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Here’s a DVD commentary for “Easier to Hide”, the second in the “Harder to be Brave” (Power Rangers RPM) storyline. ETA: Oops. For those coming here from Spandex Report or are otherwise new to my stuff, yes, there is suicidal ideation in here.

Easier to Hide
by Estirose
c 2011

Dillon watched as Ziggy wolfed down dinner. His friend – the only person he’d consider calling friend, really – had been acting off since the previous night, but he’d put it down to everything happening in the previous few hours, Ziggy’s encounter with Tenaya Seven and bonding with his Morpher.

Of course, that had been before Doctor K had called him from where he’d been lying the roof to tell him that Ziggy had not only left the Garage, but he’d left without his morpher. Ziggy, who couldn’t fight to save his life.

I didn’t want to repeat too much of “Harder to be Brave”, but covering it briefly from Dillon’s POV made sense.

“Ranger Black,” Doctor K had said, “Ranger Green has departed the premises.”

He’d been alarmed, but he’d been ready to shrug it off as Ziggy just having so much happen to him so fast, like had happened with him. He probably had needed some time alone. That was, until Doctor K added, “And he has departed without his morpher or cell.”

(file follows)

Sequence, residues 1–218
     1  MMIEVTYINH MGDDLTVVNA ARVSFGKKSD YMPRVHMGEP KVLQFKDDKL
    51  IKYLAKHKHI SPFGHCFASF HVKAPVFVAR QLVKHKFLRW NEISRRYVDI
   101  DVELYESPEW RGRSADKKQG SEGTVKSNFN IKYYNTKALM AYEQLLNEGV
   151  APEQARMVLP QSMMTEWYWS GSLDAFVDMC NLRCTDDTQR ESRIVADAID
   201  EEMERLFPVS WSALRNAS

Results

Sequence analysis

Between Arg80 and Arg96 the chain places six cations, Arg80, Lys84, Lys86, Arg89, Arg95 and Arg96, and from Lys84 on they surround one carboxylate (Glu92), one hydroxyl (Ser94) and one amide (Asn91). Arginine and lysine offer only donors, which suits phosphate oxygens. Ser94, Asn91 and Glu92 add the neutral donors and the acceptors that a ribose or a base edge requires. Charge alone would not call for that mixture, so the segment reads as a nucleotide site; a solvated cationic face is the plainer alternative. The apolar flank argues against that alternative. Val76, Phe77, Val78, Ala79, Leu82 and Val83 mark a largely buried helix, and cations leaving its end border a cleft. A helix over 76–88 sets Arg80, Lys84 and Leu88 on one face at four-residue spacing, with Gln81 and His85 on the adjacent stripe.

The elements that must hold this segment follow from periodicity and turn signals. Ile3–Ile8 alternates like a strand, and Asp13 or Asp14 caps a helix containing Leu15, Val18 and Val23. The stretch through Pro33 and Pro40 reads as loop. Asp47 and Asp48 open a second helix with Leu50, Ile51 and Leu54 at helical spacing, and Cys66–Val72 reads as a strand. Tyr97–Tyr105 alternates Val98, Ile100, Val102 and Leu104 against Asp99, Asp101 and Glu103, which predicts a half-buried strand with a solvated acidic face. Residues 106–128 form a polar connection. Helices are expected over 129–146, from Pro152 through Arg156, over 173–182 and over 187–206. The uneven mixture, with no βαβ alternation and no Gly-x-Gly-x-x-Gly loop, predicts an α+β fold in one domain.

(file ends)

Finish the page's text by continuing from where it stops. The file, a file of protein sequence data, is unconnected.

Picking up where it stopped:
Launching himself up, he started for the stairs. “Where was he going?”

This is something Ziggy totally doesn’t anticipate in his depressed state, that Dillon would be worried.

“I don’t know. I might be able to track him due to the temporary change in his biofield from becoming Ranger Green.” Doctor K was silent for a moment. “I have tracked his morpher, however, inside this building.”

“I’ll check his room,” Dillon volunteered, remembering after a moment that Ziggy had moved into Ranger Green’s quarters from the spare room only a few hours before. He stepped into the unfamiliar room, spotting the morpher and cell, twins to his own, sitting neatly on the desk.

It would have been a lot less alarming if Ziggy knew how to defend himself. He’d scooped the two into his jacket pockets before heading downstairs. “Did you find him?” he asked impatiently.

This could be a slight continuity error (in “Harder to be Brave”, Dillon tells Ziggy that Doctor K said to give him his morpher and cell back), but I figured that Dillon guessed (and correctly) that Doctor K said it indirectly.